Recently, this challenge has been issued. Three years ago, Antioch chancellor Alan Guskin published a widely quoted article, arguing that asking faculty to teach more courses to more students would never produce the gains in productivity that institutions need to achieve. The real issue, Guskin argued, was not how many courses faculty teach, but how much students learn. Faculty are only one of many resources that are important to student learning. Would it not be possible, Guskin asked, to increase learning while also reducing faculty effort?
At about the same time, former SUNY chancellor Bruce Johnstone initiated an ongoing, informal conversation among a network of colleagues on the topic of "learning productivity." The conventional paradigm for teaching and learning, Johnstone noted, takes students enrolled in courses and classes, defined in terms of blocks of time (terms, quarters and semesters), as the principal generator of costs. Once we make this assumption, the only way to increase productivity is to lower the cost per course or per credit unit. But what if unit costs were measured not in terms of costs per unit of instruction but costs per unit of student learning? From the perspective of learning productivity, "cost" is driven not only by faculty salaries, course loads and average class size, but also by factors that contribute to or distract from student learning. Thus, strategies to enhance learning productivity include such things as instructional approaches that maximize learning with minimal faculty input, advanced placement and other strategies that reduce redundant teaching, and strategies that reduce aimless drifting and course taking that leads nowhere.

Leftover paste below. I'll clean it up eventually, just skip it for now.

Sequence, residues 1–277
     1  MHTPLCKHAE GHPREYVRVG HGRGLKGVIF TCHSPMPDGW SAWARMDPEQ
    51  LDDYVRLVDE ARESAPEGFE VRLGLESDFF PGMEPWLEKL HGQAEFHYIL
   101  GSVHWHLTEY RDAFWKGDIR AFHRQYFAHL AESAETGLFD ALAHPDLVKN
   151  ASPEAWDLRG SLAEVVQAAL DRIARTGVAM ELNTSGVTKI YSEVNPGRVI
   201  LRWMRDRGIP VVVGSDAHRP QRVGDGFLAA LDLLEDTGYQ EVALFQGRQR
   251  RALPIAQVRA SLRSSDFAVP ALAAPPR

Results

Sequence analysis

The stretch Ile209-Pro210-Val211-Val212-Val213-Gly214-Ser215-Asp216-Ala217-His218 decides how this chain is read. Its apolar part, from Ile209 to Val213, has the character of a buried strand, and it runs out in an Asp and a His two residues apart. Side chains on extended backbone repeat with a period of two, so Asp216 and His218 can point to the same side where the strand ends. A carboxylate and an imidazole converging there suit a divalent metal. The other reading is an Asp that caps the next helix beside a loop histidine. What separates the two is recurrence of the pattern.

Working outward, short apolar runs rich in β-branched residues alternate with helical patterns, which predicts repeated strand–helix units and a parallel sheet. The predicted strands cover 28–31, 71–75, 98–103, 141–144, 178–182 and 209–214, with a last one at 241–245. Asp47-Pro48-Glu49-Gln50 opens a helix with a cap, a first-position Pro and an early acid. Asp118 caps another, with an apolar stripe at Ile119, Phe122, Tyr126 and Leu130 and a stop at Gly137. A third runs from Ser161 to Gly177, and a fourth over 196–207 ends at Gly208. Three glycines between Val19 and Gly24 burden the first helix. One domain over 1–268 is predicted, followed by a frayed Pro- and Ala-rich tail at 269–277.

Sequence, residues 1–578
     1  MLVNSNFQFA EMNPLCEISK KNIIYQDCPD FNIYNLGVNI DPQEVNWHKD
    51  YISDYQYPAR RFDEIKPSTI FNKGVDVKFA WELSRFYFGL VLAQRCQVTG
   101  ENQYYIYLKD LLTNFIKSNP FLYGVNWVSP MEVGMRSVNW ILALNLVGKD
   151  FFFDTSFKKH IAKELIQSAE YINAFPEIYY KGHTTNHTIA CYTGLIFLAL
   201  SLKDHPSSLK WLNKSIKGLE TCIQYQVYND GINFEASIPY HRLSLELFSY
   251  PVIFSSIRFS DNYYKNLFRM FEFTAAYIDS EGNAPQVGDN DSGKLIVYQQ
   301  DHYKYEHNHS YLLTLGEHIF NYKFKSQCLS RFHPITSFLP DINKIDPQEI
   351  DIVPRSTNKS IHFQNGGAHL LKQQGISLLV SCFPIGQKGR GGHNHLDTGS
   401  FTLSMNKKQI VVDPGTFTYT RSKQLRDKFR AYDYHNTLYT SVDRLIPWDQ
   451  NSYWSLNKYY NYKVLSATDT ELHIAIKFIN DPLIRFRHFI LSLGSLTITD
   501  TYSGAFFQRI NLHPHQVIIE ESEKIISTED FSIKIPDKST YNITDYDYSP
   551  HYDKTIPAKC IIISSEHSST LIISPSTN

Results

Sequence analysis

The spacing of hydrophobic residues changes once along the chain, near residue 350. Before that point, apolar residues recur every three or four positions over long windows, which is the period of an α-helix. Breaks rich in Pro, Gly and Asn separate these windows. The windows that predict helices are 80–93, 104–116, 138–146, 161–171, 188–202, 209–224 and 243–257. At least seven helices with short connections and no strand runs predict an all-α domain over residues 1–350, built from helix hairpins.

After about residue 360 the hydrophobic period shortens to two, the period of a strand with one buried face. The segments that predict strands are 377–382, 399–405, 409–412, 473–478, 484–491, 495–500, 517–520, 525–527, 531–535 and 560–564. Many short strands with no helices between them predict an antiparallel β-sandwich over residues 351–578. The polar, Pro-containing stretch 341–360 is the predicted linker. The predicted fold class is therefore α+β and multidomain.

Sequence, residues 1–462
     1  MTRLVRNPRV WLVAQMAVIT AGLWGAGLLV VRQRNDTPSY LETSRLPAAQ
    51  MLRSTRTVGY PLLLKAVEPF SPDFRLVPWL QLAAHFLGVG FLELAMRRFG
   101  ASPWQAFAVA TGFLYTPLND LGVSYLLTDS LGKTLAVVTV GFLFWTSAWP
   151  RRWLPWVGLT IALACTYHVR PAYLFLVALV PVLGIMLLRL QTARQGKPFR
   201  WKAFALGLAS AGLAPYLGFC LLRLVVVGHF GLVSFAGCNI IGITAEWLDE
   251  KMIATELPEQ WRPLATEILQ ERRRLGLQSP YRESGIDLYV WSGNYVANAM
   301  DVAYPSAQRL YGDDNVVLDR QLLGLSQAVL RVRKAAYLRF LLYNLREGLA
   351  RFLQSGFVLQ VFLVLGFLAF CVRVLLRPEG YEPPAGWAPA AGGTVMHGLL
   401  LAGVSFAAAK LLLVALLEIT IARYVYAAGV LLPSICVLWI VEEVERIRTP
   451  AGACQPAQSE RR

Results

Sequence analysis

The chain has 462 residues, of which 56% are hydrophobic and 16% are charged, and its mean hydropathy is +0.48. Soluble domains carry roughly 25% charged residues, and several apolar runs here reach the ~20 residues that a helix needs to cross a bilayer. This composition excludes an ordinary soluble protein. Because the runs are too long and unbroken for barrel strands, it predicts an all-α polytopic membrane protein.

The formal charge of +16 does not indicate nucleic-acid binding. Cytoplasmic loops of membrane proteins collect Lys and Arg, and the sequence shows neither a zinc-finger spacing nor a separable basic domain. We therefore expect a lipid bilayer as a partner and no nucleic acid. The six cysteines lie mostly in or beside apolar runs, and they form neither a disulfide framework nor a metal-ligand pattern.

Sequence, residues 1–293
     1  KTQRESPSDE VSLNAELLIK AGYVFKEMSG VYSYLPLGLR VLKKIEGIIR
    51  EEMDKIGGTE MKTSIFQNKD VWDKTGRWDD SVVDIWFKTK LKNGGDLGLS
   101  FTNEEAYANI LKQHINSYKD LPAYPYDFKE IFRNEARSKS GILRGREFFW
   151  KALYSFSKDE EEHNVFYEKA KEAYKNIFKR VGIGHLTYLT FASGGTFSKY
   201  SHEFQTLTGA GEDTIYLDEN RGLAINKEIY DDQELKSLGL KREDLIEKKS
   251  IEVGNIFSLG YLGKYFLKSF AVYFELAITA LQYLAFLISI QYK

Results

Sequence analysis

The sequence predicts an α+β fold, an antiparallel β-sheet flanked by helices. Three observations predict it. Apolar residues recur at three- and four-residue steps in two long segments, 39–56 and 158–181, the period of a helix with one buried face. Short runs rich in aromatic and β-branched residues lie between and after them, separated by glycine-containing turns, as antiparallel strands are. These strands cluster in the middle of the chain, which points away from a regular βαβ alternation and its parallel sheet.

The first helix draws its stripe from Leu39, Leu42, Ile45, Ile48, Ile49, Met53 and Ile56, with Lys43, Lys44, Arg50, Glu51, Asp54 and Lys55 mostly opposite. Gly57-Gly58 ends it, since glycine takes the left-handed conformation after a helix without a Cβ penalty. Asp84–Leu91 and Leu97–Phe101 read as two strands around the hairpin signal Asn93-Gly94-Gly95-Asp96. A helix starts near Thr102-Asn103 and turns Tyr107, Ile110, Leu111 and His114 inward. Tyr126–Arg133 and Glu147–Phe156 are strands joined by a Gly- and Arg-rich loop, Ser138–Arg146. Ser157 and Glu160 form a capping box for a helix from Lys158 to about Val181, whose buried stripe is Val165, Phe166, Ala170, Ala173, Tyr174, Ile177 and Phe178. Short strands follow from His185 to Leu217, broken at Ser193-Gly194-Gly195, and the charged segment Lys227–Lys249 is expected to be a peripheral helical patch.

Ideas such as these have now prompted a new round of thinking about what it means to control costs from a learning productivity perspective. The issues are complex, and the conversation is not very far along. But I think it is fair to say that influential leaders in higher education are now asking the right set of questions. Driven by the imperatives of containing costs, leaders in higher education are thinking harder about student learning.
From my own perspective, once the focus shifts from teaching to learning, and from time to results, the conversation is headed in a direction that raises questions about the academic assembly line that came into existence at the birth of the modern university. I noted that, in Chapter I, by introducing the idea of elective courses into the Harvard curriculum, president Charles Eliot transformed Harvard College into Harvard University. But by doing this, he also did something else. He became the Henry Ford of American higher education.